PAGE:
The website reads,
"Our platform for text-message surveys empowers communities to reach residents where they are. Now anyone with an opinion and a minute can join the civic dialogue."
Traditionally, the only way for local governments and public institutions to gather voter sentiment was through a town hall or neighborhood meeting. Recognizing the challenges facing working American families in participating in the civil discourse at a designated time and place, the founders of Textizen created a platform to allow citizens the opportunity to engage in the democratic process anytime, anywhere.
Textizen began its approach offline by plastering the city with posters promoting citizen engagement. In Pittsburgh, the group targeted bus stops, parks, and community centers - places where people would likely pause and have a few minutes to pull out their phones and respond to the survey. Tweet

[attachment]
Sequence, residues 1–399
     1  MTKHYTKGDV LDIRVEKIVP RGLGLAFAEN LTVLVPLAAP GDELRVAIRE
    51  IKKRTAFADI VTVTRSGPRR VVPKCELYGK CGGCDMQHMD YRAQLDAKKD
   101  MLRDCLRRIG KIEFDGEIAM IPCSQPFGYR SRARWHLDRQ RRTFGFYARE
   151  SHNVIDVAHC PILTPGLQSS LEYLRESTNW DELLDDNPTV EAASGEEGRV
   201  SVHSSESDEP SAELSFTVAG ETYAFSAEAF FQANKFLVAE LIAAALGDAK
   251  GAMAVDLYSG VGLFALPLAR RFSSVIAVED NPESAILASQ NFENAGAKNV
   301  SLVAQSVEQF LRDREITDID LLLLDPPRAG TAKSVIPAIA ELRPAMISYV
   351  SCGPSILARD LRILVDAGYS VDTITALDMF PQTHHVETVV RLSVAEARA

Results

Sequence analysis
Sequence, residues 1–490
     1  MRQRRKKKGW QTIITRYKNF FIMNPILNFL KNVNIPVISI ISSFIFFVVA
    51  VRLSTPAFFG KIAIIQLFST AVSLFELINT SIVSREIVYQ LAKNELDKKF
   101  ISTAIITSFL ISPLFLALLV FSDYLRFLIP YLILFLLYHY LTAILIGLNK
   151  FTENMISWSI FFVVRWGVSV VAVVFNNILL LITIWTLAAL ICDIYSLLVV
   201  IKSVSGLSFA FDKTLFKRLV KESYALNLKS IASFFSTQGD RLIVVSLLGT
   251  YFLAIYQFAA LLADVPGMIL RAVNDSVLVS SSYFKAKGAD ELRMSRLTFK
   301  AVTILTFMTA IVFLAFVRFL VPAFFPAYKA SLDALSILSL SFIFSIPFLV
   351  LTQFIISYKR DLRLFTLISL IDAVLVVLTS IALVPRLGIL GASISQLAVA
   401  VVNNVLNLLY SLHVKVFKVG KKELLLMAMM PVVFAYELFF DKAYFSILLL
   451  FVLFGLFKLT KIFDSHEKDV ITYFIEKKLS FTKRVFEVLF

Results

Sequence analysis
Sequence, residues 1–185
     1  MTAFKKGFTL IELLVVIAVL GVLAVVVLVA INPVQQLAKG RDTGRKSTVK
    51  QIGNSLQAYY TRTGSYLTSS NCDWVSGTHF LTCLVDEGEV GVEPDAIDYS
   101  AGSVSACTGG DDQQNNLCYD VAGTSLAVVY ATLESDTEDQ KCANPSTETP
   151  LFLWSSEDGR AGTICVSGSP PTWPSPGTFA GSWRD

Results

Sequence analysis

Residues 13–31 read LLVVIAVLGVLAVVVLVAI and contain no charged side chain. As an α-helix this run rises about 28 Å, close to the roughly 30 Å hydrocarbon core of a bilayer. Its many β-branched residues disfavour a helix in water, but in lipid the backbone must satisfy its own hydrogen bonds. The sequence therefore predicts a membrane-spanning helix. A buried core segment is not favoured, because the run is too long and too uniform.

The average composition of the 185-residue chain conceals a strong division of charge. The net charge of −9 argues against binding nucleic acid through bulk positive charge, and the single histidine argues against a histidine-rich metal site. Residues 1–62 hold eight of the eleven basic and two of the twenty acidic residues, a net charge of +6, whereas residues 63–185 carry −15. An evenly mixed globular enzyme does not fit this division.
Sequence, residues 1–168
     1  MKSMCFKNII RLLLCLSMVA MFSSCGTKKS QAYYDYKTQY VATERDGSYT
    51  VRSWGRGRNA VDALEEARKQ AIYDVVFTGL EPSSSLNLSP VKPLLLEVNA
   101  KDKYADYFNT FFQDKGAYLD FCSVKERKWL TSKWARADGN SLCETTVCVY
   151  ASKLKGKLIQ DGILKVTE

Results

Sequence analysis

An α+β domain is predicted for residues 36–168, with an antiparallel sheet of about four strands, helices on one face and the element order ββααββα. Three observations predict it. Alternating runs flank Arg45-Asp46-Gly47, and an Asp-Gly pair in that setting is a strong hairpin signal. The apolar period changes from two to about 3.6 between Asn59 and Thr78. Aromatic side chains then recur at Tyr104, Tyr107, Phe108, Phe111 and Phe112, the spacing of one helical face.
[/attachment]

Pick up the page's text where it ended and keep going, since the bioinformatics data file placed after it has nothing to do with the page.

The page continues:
Next, they tailored their messages in creative and engaging ways in order to encourage users to respond as opposed to asking them to start from a blank slate. By asking citizens at a bus stop "Would you use rapid transit," or park goers "Where would you like to see another park in the city," Textizen can target those affected by such laws and provide them a voice in the decision-making process.
After texting a response to the number provided, users will get a follow up question via text. By mirroring the type of communication we use in everyday life with our friends and family, Textizen helps to forge a conversation with your city, CEO Michelle Lee explains.
As one of the grant winners of the Knight News Challenge, Textizen plans to expand its platform using the $350,000 award from Knight Foundation. And with 85% of American adults owning a cell phones, it's likely this approach will work.